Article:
From 4000 in-person event to peer-to-peer engagement at virtual meeting - GameStop Annual Meeting

Updated: Sep 22



When I sat down with Judy Payne, CMP - Director of Meetings and Events at Gamestop, to record episode of The Meeting Space podcast in the spring, I was very excited to learn what she and her team does for their 4000 people in-person convention, in the virtual format. She was willing to share her insights with me and here are some snapshots for you!


MB: Your meetings are known for the experiential factor. And transforming that into virtual space, as I mentioned earlier, was probably a task cut out for you and your team in 2020. Tell me, how did you start the process of planning your annual meeting in the virtual world?


Judy: It was very daunting at first because you know, how do you really replicate something that's just so engaging and so explosive? Right? Our vendors are incredible. And they bring these customized and incredible sets to each of their, even small, training rooms. Every small training room that we have, feels like it's general session, right? We put that much production into every single room that we have. On arrival day, we have food trucks, and massages and experiences. And you can go get in a green screen or do VR. There's just so many things to do that we didn't want to lose the engagement. We didn't want to lose that spark, even though we knew we couldn't really replicate it in the virtual world. So we sat down together and we thought what can we do? And how? We would sit down and go through every single element of our event to figure out okay, what can we take virtual and what do we need to drop? What really makes sense?


And you know, one of the biggest things for us was the connections that people have at our conference. Our annual conference is around 4000 leaders that come in from across the US. And they all come in, share peer to peer experiences, learnings, see the latest and greatest games that are coming out for holiday. So it's really that peer to peer connection that they also find very important.


We started off by creating a Facebook group. And we invited all of our attendees to join this Facebook group, so they can communicate all throughout the experience,

We really couldn't just do four or five days in a row, like a normal meeting. We decided to drag our meeting out every Wednesday, for about eight weeks. Now, the biggest thing with that is we'd be able to cover all the launches for our vendors.

It was just several hours every Wednesday and that is what made it a little easier for attendees to attend.


The biggest thing for us was , over eight weeks, to not lose the momentum, and finding ways to string along engagement throughout the whole process. We found an inexpensive app, Woobox, that allows you to upload photos and videos and create little micro websites, where you can have contests. Then attendees would upload content from Woobox into Facebook group, where the engagement happened. That one little program really helped increase our engagement throughout the process.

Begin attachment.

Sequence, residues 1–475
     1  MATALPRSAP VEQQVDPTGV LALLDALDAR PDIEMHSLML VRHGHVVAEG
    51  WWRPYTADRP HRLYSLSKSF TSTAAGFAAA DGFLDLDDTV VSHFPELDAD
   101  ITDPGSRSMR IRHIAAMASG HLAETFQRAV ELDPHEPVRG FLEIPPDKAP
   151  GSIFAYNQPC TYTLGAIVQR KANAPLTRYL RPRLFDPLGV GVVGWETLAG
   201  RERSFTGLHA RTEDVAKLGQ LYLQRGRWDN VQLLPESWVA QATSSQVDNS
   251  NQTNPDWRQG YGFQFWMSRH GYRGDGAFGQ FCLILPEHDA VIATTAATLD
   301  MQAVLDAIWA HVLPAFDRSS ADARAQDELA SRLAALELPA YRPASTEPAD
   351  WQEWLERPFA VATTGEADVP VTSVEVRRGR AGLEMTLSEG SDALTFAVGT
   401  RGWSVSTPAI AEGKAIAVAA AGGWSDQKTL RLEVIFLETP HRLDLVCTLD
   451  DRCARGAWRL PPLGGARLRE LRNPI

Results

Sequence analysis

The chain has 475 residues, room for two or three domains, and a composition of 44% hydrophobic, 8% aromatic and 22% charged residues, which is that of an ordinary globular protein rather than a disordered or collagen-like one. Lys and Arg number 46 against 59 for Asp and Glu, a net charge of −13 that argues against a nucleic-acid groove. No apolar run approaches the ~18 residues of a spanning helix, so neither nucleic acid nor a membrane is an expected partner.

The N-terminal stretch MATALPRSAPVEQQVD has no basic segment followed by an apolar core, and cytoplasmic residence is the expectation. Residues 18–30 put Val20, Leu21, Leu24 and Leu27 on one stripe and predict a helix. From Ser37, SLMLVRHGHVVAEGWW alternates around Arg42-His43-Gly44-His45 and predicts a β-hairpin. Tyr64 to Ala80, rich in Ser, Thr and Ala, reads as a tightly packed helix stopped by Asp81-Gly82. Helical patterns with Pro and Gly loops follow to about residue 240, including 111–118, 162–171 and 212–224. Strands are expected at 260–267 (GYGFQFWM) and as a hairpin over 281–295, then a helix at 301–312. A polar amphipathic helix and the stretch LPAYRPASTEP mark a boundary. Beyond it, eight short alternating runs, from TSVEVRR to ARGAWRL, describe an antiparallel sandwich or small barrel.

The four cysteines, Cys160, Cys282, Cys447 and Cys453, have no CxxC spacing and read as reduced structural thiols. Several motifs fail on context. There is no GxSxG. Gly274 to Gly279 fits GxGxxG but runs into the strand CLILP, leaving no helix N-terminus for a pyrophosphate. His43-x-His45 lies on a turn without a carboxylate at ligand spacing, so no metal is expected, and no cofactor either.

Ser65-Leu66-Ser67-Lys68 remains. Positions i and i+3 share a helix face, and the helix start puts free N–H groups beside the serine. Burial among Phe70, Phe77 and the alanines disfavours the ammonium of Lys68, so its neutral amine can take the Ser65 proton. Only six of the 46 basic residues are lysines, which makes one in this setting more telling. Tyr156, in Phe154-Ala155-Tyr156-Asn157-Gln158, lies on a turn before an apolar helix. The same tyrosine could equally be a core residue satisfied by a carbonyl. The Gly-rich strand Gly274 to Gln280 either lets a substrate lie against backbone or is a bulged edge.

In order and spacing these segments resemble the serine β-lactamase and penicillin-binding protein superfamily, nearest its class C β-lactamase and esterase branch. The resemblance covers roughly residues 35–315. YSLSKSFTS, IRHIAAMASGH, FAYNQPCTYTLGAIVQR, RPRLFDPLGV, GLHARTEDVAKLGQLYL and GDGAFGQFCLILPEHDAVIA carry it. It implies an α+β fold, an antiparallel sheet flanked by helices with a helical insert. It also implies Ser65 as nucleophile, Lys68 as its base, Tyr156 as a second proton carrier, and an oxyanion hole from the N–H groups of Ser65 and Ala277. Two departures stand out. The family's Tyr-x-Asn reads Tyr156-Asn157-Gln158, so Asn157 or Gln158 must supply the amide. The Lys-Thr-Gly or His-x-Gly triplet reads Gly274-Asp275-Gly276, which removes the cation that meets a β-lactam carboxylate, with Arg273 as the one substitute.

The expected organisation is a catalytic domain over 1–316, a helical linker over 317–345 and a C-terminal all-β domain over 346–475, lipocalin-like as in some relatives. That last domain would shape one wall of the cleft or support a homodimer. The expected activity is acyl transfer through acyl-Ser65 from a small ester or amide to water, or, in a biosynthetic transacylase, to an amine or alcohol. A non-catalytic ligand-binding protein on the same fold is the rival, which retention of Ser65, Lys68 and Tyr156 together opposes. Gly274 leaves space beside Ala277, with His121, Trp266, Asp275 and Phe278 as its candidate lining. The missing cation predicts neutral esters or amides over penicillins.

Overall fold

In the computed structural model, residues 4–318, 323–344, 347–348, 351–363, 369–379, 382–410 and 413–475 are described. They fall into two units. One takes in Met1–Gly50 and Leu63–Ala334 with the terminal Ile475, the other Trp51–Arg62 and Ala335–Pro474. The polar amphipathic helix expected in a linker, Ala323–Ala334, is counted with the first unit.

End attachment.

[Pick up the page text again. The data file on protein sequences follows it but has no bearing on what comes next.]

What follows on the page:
MB: Okay, so let's summarize. We have Facebook page and we have the eight weeks, few hours every Wednesday.. By the way, how did that work out for you and your team? Because I know it is exhausting just to survive four to five days of an in person conference. How is it having conference top of mind for eight weeks?


Judy: You know, we were fooled going in - we thought it's just virtual. It'll be easier than in person.

And while the program was eight weeks, we actually continued with the engagement all the way to Black Friday. So the full length of our work was over 13 weeks long. We were exhausted. And, you know, we poured our heart and soul into this because we really wanted the attendees to have really great experience in the store.

Some of the different things we wanted to achieve - we wanted it to feel like you were walking from room to room to room, just like on site. Or mix it up so you're not just sitting in front of a computer screen all day. We were able to use several different mediums in order to push out our content.

When we would have our General Sessions, (if you've ever been in a GameStop, if you have kids under the age of 14, or husbands or spouse gamer) you would notice that there is a TV screen up in GameStop store. We were able to use the TVs within our stores and push our General Session before the stores open - This allowed us to do high production, explosive sound, lots of video - really cool stuff!

And then when store managers and employees would walk to the back of the stores, attendees could use iPads to experience the vendor training rooms throughout the day - just so it doesn't feel like they're sitting in one spot for the experience.


We also really worked with our vendors, because you know, one of the best things about being at conference is typically the food. We purchased gift cards as sponsorships and we were able to customize the gift cards. We sent out 4000 e-gift cards the night before an event so that morning, everybody can purchase food on their way to the office, before the morning event. We really tried to capture every aspect.

We did a lot of visa e-gift cards and sent them out for snacks.

We even worked with Domino's Pizza, and sent every single store across the US pizza on Black Friday.



(Next week we will continue with Gamification and Sponsor Engagement Strategies)




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